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In New Caledonia, ‘No Confidence’ With France After Violent Protests

The police station in Hienghene, a remote town in the Pacific island of New Caledonia, has been barricaded in for nearly three weeks. A few dozen protesters have blocked off the station’s access road and take turns keeping watch from the outside. Their cause is evident in the words written in chalk on the road: the names of three prominent French politicians, including the president, paired with the word “Assassins.”

The standoff is one example of the uneasy stalemate existing now in New Caledonia, where protests against more than 170 years of French rule turned violent last month and drove the territory to the brink of civil war. Seven people died, many more were injured, and businesses suffered losses worth hundreds of millions of dollars.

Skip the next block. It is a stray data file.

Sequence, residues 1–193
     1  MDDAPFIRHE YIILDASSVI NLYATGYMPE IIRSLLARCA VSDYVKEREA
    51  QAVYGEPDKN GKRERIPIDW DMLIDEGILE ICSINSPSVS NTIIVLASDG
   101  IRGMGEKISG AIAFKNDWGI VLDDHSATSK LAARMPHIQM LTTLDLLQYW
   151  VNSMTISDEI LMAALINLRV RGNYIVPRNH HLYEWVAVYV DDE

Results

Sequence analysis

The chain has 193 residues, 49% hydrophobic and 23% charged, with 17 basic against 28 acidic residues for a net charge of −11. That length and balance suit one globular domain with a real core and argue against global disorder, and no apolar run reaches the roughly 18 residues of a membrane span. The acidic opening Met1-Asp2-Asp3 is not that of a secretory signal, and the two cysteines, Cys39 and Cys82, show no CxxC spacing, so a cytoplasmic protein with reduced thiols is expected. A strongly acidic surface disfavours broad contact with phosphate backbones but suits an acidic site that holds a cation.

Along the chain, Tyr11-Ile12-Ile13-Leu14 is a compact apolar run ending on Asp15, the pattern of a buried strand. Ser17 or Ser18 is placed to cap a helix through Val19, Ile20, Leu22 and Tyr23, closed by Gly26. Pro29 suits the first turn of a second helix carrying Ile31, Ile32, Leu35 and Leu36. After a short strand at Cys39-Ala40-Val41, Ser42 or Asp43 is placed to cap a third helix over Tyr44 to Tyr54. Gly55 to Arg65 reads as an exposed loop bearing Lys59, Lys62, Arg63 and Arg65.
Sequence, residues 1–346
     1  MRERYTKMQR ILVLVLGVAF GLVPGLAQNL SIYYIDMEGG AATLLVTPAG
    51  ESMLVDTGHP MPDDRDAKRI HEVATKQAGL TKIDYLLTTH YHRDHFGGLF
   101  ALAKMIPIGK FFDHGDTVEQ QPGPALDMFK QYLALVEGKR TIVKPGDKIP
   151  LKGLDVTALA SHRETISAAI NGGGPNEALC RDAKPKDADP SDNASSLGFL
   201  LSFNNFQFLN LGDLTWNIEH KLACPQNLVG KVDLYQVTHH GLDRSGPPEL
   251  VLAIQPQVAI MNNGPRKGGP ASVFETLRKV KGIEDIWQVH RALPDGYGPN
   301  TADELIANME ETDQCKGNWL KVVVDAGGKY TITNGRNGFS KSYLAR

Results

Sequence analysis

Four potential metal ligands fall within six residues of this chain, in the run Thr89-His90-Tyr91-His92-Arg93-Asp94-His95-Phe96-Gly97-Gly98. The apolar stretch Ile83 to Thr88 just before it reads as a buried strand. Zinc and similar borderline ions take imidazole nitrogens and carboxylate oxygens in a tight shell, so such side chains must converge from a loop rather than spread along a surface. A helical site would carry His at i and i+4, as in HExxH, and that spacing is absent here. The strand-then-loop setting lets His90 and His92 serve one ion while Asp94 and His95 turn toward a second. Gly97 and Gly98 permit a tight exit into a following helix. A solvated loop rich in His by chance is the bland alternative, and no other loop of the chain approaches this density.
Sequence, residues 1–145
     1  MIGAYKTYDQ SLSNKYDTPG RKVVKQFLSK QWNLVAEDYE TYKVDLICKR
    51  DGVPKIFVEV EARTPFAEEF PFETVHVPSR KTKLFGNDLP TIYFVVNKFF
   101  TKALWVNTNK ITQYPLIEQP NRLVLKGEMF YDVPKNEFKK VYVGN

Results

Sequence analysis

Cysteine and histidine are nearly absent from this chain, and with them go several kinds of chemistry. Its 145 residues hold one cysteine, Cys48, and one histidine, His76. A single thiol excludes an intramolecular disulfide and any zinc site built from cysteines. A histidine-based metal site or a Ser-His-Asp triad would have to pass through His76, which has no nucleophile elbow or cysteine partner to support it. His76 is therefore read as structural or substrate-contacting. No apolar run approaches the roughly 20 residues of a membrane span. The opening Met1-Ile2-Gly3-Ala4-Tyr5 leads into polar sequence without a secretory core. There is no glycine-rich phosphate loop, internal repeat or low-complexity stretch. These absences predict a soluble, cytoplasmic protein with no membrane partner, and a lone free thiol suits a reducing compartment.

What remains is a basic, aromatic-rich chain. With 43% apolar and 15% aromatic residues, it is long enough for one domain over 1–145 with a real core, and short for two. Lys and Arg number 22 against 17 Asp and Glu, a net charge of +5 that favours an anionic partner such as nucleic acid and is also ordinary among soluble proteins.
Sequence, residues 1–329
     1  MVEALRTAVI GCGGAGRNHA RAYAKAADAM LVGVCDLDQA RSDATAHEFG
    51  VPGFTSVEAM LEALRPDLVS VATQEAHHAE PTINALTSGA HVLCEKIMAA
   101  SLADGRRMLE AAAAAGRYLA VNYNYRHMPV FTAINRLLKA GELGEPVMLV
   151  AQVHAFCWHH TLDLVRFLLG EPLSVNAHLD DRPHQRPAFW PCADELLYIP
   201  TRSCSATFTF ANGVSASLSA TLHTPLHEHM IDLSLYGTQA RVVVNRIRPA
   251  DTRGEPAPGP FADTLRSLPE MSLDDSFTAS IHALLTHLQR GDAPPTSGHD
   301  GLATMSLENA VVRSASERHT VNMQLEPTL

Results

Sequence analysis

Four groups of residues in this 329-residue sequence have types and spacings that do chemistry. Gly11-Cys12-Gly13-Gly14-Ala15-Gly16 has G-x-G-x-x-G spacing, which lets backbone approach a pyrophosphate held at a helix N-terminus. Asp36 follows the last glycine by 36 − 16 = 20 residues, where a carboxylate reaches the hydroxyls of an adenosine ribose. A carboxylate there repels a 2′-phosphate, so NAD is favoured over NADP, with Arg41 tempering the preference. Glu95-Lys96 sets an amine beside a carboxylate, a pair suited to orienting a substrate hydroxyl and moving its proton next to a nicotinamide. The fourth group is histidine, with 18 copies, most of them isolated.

France quelled the worst of the violence by rushing thousands of armed police to the semiautonomous territory. President Emmanuel Macron even made a surprise visit. Mr. Macron ordered a dayslong state of emergency, banned the use of TikTok, and shut the territory’s main airport. Those restrictions have since been lifted, and commercial flights are slowly resuming from a smaller airstrip near the capital, Noumea, though the territory’s main airport remains closed.

The authorities continue to enforce a nightly curfew and a ban on alcohol sales, while Indigenous Kanak protesters maintain barricades on Noumea’s outskirts and in remote towns like Hienghene.

“We closed their door and keep them there and make them see what it’s like when a Kanak boy is kept in their jail in Noumea,” Jonas Tein, a protester in Hienghene, said about the town’s police station, which appears to have been resupplied through regular visits by police helicopters. “We try to stay calm,” he said, but the crackdown